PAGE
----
by Brian Hioe

Photo Credit: Nagono/WikiCommons/CC BY-SA 3.0

CALLS TO ADDRESS housing inequality have become increasingly important ahead of elections, with plans by the Tsai administration to raise taxes on individuals that own more than one home to between two and 4.6 percent. This would be an increase from the current 1.2 to 3.6 percent.

By contrast, however, tax rates on first homes would be decreased from 1.2 percent to 1 percent. This would be with the aim of helping first-time homeowners.

Housing taxes are assessed based on a government estimate of the value of a property. Consequently, this can often be lower than the market value of real estate.

Only ten out of Taiwan’s 22 local governments currently have differentiated tax rates for real estate properties used for rental or that are fourth homes, as a result of which there have been calls from local governments for stronger measures.

As the DPP potentially faces retaliation from voters at the polls during the 2024 elections, this is clearly why a number of new measures have been announced at present. DPP presidential candidate William Lai has called for raising the mortgage limit to 10 million NT from the current 8 million NT and lowering the interest rate from 2.025 percent to 1.775 percent.

If this were to occur, voters would be attacking the DPP for failing to do enough on the issue of unequal real estate prices in Taiwan, then. At present, one would have to not eat or drink for fifteen years in order to be able to afford a home in Taipei.

Photo credit: ResTpeTw/WikiCommons/CC BY 2.5

To this extent, the Tsai administration has come under fire for the slow rate of construction for social housing. Tsai came to power promising to build 200,000 units of social housing within eight years when she came to power in May 2016.

However, close to eight years later, only 19,227 units of social housing have been built. The Ministry of the Interior claims that work on another 108,000 units has begun. Lai has asserted that he intends to remedy this after taking office, through the central government assuming responsibility for constructing 2/3rd of the units, while local governments will assume responsibility for the remaining 1/3rd of units.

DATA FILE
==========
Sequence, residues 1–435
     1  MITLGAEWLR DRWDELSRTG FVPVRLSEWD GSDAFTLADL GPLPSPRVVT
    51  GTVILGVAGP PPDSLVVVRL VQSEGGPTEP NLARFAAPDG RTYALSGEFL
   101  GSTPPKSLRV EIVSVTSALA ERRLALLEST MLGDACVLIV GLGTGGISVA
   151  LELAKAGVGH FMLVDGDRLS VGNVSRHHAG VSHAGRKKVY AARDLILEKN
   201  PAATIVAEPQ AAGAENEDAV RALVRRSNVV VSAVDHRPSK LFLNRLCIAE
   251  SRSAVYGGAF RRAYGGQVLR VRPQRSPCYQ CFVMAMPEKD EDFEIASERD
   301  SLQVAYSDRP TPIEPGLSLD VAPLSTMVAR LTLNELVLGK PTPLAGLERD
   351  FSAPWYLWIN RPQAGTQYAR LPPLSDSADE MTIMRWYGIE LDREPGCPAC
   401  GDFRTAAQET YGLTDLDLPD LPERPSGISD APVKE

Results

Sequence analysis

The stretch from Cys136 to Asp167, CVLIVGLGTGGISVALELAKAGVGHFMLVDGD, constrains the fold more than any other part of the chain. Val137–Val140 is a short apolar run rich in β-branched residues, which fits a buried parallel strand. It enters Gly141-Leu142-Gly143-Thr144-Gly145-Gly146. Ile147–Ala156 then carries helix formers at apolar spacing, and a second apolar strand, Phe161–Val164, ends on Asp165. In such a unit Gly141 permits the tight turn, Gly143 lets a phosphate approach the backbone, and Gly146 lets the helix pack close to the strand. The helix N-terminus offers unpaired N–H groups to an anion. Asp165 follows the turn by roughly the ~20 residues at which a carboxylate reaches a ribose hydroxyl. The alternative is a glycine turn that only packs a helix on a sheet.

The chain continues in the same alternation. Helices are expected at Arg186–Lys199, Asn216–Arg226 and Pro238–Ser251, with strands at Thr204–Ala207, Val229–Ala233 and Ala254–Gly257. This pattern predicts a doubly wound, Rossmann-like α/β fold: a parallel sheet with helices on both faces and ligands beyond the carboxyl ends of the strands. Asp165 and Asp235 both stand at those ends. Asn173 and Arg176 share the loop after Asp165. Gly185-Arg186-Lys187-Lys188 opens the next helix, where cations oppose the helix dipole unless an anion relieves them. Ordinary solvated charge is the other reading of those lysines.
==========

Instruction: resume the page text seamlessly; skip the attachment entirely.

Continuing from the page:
The pan-Blue camp is clearly cognizant that housing policy is a weak point of the DPP. As a result, a pan-Blue rally in July featuring bodybuilder and streamer Holger Chen, former NPP chair Huang Kuo-chang, former Taipei mayor and TPP presidential candidate Ko Wen-je, and FoxConn founder Terry Gou has as its primary themes housing justice and judicial reform.

Nevertheless, the rally came under fire in that its organizers are themselves substantial property owners. Terry Gou is, for example, one of Taiwan’s richest men.

It is to be seen what concrete policy the pan-Blue camp offers as an alternative to the DPP’s promises to remedy the housing situation in Taiwan. Even if rents remain comparatively low, that housing prices are far and away unaffordable for the average member of the public–particularly young people–is not exactly a new issue. This has been known since the time of at least the Ma administration, for example.

Yet successive presidential administrations have been unable to fix the problem, inclusive of the Tsai administration. Although a KMT administration likely would not fare any better with the issue, a recurring theme of past election cycles has been candidates promising to fix Taiwan’s long standing issues with housing.

In this regard, candidates of both political parties seek to outdo each other with campaign promises about housing. But it proves another question entirely as to whether they can actually fix the issue. Ultimately, the roots of the problem are structural, as bound up with other issues regarding socioeconomic inequality in Taiwan. The issues at hand, then, would be far beyond the scope of a single electoral cycle to resolve, but there is little discussion of these systemic issues from candidates of both political camps.

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